Griffith Review 63: <br>Writing the Country

Griffith Review 63:
Writing the Country

As the natural environment changes radically, Griffith Review 63: Writing the Country examines the unique beauty of the world around us, and asks what we can do to treasure, nurture, preserve and enhance the earth we share as the consequences of the climate crisis continue to unfold.



2019 Griffith Review Contributors Circle Varuna Residency winners

Congratulations to Meera Atkinson, Adele Dumont, Tim Dunlop, Jane Gleeson-White and Fiona Murphy, who will a take up week-long writing residencies at Varuna, The National Writers' House this year.

Made possible by the generosity of the Graeme Wood Foundation, these residencies provide writers with the time and space to further develop a current work – and all in the beautiful Blue Mountains.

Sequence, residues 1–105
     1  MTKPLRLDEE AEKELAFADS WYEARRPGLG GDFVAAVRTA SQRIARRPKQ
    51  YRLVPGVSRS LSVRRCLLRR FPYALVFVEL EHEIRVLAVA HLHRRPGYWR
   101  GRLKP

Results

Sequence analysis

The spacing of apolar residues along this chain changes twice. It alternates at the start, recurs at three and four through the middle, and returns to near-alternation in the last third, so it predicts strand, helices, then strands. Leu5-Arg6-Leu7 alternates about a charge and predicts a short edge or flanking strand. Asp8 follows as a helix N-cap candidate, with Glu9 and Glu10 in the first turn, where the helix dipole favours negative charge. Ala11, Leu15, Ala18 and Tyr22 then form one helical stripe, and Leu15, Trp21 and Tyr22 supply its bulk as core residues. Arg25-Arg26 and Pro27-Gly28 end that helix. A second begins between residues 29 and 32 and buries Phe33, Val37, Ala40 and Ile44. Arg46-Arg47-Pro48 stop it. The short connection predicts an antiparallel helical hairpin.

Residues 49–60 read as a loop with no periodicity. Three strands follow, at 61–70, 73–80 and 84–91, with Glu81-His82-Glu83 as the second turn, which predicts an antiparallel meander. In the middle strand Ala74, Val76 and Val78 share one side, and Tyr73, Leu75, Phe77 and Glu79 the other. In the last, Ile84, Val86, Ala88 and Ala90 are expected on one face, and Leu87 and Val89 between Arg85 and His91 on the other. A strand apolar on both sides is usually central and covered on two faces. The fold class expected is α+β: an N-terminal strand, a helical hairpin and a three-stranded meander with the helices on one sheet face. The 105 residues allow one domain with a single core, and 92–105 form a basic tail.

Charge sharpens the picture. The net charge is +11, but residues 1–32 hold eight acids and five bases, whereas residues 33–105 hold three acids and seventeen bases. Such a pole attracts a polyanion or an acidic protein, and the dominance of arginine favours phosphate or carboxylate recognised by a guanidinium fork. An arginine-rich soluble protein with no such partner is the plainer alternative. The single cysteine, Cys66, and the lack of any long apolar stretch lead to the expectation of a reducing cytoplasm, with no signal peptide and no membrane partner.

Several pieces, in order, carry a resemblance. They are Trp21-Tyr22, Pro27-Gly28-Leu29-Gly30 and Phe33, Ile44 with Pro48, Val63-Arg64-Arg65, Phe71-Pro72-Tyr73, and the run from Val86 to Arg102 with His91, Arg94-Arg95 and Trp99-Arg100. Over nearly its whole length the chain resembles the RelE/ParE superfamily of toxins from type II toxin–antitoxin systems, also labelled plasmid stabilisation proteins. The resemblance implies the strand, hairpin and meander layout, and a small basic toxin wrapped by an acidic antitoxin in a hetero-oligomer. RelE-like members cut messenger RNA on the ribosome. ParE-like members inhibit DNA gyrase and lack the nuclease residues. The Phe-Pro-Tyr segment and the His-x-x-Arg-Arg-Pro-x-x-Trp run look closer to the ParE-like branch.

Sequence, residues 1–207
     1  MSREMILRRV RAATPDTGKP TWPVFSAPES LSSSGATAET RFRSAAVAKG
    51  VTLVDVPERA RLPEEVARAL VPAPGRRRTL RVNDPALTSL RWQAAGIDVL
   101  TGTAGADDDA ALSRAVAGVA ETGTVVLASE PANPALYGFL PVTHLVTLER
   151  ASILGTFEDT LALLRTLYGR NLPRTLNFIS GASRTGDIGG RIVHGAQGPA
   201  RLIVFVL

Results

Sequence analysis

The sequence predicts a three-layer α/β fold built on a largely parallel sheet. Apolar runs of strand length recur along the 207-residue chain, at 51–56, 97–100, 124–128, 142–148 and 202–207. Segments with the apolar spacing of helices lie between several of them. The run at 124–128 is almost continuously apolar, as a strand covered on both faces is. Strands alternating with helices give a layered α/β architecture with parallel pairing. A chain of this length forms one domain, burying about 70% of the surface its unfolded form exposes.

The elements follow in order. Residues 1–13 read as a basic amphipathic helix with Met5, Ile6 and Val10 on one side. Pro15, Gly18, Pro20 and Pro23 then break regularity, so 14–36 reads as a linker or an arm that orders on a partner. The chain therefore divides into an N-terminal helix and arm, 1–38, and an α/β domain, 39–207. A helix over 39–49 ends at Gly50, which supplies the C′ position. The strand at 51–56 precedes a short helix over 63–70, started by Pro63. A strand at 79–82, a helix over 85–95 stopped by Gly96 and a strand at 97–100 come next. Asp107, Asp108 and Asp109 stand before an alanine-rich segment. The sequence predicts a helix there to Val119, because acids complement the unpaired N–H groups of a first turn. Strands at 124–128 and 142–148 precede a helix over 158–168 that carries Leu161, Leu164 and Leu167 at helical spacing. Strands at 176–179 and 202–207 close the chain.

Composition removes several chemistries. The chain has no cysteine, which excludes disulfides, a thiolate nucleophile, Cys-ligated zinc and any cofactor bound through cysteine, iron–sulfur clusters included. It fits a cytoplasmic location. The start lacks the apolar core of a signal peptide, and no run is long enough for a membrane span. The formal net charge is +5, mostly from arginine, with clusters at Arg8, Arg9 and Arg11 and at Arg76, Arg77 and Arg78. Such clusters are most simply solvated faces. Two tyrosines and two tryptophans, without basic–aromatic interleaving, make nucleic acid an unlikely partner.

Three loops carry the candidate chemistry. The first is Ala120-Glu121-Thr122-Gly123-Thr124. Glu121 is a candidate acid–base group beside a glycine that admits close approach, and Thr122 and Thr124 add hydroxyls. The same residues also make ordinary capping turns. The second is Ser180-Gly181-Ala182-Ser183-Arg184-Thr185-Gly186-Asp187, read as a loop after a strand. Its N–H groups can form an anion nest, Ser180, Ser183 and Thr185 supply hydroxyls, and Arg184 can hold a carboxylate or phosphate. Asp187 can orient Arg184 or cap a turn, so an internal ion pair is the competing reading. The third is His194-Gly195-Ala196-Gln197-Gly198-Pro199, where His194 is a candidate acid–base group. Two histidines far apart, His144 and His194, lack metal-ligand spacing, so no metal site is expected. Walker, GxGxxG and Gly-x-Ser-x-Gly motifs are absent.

Announcing the judges of
The Novella Project VII

Griffith Review is thrilled to announce the industry judges for The Novella Project VII!

Maxine Beneba Clarke, Matthew Condon and Aviva Tuffield will select the winners of this year's novella competition in partnership with Ashley Hay and the Griffith Review editorial team.

The Novella Project VII is now closed, but more information about these fantastic judges is available here.

Transforming landscapes

'Feasible solutions exist, but these solutions are not coming from "the top"…'

In this essay from Griffith Review 63: Writing the Country, Charles Massy explains how revolutionary ‘regenerative farming’ practices are helping to undo some of the damage wrought by the development of agriculture.

Read 'Transforming landscapes' here, and hear Massy discuss his essay, Writing the Country and more with Geraldine Doogue on ABC Radio National's Saturday Extra here.

The Latest

Current Edition

Writing the Country
Place. Land. Country. Home. These words frame the settings of our stories. Writing the Country focuses on Australia’s vast raft of environments to investigate how these places are changing.

Next Edition

The New Disruptors
As the digital revolution continues to unleash radical change, will the future be one of decentralisation, anti-elitism and freedom, or surveillance monopoly and control?
Griffith Review